A genetic abnormality in people with cancer of the esophagus might guide physicians in
diagnosing and treating such patients and could become an indicator of cancer recurrences,
report researchers at the University of Maryland School of Medicine in Baltimore.
The scientists found that in tumor tissue from 48 of 52 people with adenocarcinoma of
the esophagus, a gene that encodes a tumor-suppressing protein called APC had been shut
down. In contrast, the gene remained active in all the samples of esophageal tissue taken
from 20 volunteers without cancer, the researchers report in the Nov. 15 Journal of the National Cancer Institute.
The gene encoding APC is inactivated, or silenced, in esophageal-tumor cells when the
gene’s promoter—nearby DNA that normally switches the gene on—becomes disabled. The culprit
is hypermethylation, a chemical process in which extra methyl molecules latch onto the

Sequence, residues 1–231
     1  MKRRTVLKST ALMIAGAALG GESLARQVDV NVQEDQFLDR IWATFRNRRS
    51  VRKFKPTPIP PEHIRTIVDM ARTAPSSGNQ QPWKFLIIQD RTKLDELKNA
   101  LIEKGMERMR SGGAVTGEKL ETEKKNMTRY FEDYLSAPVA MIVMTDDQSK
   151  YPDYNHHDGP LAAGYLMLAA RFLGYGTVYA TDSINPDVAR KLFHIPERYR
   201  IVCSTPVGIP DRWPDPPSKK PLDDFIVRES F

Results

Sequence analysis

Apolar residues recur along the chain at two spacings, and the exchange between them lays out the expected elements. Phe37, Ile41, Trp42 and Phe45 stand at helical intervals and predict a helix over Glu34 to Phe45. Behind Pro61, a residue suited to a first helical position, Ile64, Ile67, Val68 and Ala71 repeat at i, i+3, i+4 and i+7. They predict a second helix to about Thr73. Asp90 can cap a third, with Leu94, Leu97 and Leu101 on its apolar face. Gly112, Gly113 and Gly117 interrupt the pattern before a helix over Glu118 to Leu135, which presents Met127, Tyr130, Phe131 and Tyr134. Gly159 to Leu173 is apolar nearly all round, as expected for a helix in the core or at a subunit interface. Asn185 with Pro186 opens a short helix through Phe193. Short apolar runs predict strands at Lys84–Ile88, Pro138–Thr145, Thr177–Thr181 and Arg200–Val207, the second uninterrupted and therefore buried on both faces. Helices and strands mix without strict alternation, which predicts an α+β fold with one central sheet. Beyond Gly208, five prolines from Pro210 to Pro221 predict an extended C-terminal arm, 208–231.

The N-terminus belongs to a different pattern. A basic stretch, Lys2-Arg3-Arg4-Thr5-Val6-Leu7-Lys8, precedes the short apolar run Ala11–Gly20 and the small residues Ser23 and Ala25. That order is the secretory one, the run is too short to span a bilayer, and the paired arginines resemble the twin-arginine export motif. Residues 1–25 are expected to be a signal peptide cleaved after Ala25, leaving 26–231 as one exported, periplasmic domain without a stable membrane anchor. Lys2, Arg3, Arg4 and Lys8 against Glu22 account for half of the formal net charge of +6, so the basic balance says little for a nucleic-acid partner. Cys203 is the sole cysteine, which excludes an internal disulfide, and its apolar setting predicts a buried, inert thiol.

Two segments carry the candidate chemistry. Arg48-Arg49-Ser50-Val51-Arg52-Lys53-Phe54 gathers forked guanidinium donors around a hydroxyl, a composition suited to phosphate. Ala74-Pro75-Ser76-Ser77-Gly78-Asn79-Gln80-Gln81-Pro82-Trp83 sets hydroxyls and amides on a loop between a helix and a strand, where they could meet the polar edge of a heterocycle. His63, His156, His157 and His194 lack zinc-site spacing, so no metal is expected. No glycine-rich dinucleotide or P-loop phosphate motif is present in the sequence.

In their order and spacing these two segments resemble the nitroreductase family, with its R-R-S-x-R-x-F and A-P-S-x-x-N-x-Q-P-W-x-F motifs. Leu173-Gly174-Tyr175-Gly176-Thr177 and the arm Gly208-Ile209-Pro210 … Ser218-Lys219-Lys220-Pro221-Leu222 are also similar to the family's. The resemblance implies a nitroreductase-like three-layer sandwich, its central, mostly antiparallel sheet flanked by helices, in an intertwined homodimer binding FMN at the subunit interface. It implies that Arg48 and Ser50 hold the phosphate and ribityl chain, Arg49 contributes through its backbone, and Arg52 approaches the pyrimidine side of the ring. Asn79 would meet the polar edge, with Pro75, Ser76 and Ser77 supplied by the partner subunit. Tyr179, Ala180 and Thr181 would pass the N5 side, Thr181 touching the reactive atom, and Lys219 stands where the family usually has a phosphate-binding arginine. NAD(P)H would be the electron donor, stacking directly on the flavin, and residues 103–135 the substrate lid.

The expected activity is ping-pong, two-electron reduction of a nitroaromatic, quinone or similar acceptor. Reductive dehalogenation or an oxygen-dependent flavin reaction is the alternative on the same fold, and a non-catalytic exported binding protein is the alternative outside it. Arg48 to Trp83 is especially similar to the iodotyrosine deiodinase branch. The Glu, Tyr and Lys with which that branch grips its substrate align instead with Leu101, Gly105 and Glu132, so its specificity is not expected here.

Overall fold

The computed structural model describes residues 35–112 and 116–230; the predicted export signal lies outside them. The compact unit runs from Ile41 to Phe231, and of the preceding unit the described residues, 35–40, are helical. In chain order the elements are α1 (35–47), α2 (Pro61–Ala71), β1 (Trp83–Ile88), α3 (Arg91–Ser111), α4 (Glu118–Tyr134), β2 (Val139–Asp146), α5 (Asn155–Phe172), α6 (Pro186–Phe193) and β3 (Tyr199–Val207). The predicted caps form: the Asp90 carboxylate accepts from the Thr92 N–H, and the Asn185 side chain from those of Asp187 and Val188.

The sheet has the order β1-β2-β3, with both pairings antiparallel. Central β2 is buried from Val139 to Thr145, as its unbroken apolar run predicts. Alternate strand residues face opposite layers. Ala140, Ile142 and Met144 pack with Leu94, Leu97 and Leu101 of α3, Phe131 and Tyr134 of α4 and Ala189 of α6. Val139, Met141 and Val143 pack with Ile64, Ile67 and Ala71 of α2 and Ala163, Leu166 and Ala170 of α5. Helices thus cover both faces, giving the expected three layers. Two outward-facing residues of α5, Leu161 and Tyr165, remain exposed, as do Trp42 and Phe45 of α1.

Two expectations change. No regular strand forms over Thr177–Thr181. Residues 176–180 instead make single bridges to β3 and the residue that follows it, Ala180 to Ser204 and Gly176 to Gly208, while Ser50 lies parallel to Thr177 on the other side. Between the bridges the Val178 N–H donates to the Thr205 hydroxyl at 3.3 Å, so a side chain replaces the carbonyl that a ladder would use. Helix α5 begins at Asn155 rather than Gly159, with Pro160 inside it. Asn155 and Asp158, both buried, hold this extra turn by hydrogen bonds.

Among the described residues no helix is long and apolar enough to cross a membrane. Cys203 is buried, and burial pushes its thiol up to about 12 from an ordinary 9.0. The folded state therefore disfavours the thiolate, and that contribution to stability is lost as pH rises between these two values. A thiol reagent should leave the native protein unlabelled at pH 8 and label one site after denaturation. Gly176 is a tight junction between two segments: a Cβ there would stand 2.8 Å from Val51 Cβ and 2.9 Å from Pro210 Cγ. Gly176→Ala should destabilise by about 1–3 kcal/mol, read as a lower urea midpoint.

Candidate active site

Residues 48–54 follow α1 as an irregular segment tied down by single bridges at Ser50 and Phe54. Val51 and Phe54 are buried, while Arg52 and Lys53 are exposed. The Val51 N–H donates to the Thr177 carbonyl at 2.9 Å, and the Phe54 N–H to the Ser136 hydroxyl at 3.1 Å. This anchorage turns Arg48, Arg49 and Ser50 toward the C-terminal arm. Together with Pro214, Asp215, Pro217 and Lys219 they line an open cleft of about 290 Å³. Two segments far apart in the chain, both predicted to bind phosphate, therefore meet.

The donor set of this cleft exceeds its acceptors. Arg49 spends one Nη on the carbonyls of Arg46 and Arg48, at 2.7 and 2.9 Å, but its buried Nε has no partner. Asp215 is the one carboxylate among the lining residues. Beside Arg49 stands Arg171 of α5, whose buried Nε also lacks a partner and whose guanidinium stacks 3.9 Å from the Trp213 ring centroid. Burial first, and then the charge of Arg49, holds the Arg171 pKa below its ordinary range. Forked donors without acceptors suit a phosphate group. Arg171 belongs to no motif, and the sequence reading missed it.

DNA, says study coauthor Stephen J. Meltzer, a gastroenterologist at Maryland.
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A valuable application of the new findings may be a blood test for the active APC gene,
Meltzer says. Further tests showed that three-fourths of patients with recurrent bouts of
esophageal adenocarcinoma showed the hypermethylation in esophageal cells shed into
the blood, as did one-fourth of patients fighting an initial occurrence of this cancer. None of
54 volunteers without esophageal cancer showed the hypermethylation in blood tests.
These findings, if confirmed, could help physicians determine the extent of such cancer.
For example, a blood test showing that the APC gene is silenced might indicate the cancer is
advanced and suggest aggressive treatment, or it might prove useful as a screen for cancer
recurrence, Meltzer says.